Sunday, June 1, 2014

The Fault in Our Stars (And Other Books That Got Cut!)

I might get bashed for this, and maybe I should, but I am on the fence as to whether The Fault in Our Stars by John Green was the incredible read it was made out to be. Now, I'm not saying that it wasn't a good read, but it certainly will not end up on my classroom bookshelf. Why? LANGUAGE!!! I am not naive enough to believe that my students have never heard cursing, and I am also not naive enough to believe that they don't let a few (or several) slip now and then. I honestly have no problem with a word drop here or there (Shiloh, Harry Potter, Percy Jackson), and some books (like Maniac Magee and To Kill A Mockingbird) even have racial slurs that are meant to show just how demeaning the English language can be.

No, my problem with this book was that I am meant to believe that the main characters are two very intelligent teenagers, who have such a propensity for language that I even had to look up a word or two, yet resort to cursing (and I'm not talking about h*** or d***) when they are frustrated. I'm sorry, but this doesn't make any sense to me. I also have an issue with being a teacher of vocabulary and placing books on the shelf that use the same four-letter words REPEATEDLY. What am I teaching my students if I put this book in my classroom???

I rarely take books off my shelf, but lately, I've been doing so more and more. What's made the cut? The Mortal Instruments, The Fault in Our Stars, Pretty Little Liars, Witch and Wizard and Legend.
I have read all these books. With the exception of PLL, they are all decent, and most are excellent reads..for me. I'm 29. I teach 5th grade now, so Legend was pulled only for that reason. I wasn't sure if the graphic depiction of a bullet to the head would fly with parents, or my new principal! WW and TMI were pulled because of the utter sexual fascination the main characters have with each other and the demonic/sorcery elements. I can't explain why W&W was different than HP for me, it just was, and I go with my gut! Why was PLL pulled? Complete and total filth. For real. I need some meat to my literature y'all. TFIOS was pulled only for the language. It was otherwise a good book. It made me laugh, then cry, then laugh some more, then question my sanity for ever beginning to read it in the first place.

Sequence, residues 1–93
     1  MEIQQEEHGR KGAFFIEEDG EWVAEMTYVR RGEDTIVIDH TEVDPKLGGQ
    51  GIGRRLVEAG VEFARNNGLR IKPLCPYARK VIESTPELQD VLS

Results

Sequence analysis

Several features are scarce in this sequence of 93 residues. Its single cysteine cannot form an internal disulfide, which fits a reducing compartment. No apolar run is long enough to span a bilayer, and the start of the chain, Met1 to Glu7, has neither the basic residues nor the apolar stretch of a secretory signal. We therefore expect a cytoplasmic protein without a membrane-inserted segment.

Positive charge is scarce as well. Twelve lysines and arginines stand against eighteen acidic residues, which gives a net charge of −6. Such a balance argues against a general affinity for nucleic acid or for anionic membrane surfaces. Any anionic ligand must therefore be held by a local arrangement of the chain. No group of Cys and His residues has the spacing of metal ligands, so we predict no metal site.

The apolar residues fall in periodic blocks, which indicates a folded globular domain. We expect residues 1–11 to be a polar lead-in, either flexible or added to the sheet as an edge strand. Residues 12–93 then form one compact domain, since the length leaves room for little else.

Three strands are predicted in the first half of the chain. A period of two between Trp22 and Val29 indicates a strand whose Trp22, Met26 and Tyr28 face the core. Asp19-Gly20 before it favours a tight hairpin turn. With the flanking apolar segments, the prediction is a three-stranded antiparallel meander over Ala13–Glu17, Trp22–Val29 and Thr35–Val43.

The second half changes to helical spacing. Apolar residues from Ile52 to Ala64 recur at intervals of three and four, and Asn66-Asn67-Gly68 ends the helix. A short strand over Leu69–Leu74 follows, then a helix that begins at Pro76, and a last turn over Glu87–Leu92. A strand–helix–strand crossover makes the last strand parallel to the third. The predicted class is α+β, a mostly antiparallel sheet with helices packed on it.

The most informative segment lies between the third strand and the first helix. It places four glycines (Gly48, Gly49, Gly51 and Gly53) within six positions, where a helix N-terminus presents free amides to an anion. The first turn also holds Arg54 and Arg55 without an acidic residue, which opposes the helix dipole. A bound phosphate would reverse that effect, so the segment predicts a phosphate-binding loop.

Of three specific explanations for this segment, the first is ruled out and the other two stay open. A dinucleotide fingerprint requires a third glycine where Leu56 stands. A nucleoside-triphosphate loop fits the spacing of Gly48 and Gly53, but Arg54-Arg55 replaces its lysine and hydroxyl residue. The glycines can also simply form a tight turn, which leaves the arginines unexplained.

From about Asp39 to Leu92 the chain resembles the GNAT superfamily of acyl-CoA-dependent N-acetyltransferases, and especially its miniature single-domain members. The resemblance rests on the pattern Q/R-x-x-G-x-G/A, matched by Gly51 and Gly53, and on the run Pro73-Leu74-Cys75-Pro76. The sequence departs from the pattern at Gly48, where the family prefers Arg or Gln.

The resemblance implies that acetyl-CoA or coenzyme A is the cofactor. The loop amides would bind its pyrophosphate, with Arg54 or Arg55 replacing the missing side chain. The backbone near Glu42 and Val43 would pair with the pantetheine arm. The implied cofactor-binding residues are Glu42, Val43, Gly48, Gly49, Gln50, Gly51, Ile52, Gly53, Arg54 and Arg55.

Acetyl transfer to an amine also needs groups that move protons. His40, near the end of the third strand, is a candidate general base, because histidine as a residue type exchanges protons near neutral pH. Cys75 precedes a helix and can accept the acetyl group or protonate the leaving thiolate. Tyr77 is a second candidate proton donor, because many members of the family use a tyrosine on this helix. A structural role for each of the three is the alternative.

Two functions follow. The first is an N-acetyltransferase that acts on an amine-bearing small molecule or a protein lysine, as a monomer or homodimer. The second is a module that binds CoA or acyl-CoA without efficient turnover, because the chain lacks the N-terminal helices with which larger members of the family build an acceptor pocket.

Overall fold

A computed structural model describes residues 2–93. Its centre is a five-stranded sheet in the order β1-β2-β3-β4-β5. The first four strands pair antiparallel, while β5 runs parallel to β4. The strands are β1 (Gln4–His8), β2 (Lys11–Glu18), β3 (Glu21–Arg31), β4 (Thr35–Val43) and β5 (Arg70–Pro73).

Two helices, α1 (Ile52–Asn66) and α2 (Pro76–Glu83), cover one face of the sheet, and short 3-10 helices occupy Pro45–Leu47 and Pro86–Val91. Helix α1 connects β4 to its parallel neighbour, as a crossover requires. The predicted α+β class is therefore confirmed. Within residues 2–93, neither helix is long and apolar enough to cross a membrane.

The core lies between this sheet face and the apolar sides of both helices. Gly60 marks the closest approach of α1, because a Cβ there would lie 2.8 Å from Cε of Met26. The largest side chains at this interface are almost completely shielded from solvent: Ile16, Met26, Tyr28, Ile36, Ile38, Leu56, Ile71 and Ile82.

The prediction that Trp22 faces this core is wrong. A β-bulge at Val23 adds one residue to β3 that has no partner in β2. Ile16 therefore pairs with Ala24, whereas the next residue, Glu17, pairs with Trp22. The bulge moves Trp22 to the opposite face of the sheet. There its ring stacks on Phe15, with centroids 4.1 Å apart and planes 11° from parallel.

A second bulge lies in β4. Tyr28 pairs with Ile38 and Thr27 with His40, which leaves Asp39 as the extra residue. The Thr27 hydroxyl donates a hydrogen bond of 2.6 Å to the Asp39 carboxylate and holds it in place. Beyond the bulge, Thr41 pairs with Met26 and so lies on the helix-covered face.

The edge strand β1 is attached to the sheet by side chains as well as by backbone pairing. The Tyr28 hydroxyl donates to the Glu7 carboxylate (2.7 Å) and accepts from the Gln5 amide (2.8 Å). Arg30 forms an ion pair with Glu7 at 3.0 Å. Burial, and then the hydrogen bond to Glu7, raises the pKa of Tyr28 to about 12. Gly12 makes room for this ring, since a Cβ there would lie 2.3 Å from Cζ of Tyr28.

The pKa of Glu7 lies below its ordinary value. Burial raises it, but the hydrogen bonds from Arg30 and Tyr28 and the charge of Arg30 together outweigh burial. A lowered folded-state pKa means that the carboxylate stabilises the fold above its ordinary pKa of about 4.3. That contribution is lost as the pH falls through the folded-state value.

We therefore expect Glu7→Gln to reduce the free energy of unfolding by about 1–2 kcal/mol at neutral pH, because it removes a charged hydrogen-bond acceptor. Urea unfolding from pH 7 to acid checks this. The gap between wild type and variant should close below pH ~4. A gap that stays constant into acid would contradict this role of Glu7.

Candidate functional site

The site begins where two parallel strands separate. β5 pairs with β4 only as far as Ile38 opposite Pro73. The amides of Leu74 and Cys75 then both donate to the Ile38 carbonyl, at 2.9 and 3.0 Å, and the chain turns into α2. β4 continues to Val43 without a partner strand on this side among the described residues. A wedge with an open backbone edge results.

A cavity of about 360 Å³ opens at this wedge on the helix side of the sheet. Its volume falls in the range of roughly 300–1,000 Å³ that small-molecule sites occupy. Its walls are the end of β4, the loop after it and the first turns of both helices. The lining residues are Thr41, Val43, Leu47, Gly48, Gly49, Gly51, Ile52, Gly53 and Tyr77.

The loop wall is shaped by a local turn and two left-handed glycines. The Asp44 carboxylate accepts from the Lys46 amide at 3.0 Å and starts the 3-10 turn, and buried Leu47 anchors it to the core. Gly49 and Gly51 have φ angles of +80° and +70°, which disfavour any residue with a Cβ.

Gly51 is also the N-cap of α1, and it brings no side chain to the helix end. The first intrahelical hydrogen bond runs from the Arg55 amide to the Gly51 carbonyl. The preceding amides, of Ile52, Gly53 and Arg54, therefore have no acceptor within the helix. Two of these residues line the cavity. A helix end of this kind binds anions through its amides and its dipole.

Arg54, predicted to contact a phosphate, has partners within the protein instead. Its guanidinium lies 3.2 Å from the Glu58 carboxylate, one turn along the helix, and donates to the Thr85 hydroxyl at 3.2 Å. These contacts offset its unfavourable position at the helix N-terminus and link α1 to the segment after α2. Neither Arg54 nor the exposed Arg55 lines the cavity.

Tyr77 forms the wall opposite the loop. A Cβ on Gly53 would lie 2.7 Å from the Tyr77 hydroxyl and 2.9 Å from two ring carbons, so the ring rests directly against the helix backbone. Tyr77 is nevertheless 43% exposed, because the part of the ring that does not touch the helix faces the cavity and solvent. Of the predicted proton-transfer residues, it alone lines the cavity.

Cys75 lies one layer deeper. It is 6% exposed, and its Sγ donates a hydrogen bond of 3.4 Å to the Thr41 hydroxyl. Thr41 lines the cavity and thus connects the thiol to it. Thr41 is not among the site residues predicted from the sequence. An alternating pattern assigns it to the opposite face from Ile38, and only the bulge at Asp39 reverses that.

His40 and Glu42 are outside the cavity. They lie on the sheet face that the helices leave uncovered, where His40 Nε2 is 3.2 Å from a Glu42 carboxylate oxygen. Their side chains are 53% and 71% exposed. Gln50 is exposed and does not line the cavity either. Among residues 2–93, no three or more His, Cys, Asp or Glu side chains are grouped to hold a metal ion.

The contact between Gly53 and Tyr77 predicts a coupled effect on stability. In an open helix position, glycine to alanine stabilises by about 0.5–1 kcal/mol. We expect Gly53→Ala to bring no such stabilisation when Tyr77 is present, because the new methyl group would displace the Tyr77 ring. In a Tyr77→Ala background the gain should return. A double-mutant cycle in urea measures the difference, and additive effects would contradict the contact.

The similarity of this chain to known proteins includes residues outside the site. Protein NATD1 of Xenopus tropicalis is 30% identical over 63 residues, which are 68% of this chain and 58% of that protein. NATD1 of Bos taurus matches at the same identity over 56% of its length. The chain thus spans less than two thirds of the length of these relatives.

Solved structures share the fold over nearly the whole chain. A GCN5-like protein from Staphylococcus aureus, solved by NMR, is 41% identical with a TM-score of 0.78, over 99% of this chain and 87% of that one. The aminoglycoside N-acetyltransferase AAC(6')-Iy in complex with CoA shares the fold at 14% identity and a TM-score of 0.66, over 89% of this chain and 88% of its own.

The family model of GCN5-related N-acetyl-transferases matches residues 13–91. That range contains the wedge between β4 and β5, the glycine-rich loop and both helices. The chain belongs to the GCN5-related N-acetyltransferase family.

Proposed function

Before I end this post, I would like to repeat that I read these books. I'm not making fly-by judgements. I honestly really like TMI, TFIOS (apart from the language!!!!) and Legend, and I am on pins and needles to get the next book in the TMI series. In all honestly, I believe that kids need to make their own choices in life, and I know literature is a great way to guide them and teach them about worlds different from their own. Kids who read more have larger vocabulary, make higher scores on standardized testing, and have greater imaginations. They also are never lonely because a book is a friend! I do not want you to read this post and assume that I am out to get books. I assure you, that is the last thing I want to do. I just want you, whether you are a parent or a teacher, to read what you're putting on your shelf. Decide if it feels right to you. If you think it's okay, but you aren't sure, make a section in your classroom library that requires teacher AND parent permission to check out a book. Let parents know what is on your shelf, and let them know what's in the book you are questioning. I've done it before, and the parents are always appreciative.

I know some will read this and say that my fascination with Harry Potter or Percy Jackson tells students that I am a believer in witchcraft or polytheism. They'll say that having a Muslim version of Cinderella promotes a belief in Allah, or that books about cooking and cleaning tell girls that they have no other options that being a homemaker. If that is your opinion, it's perfectly fine. I am allowed to have mine too, right?

Have you ever had to pull a book from your shelf? What was it? Why was it pulled?

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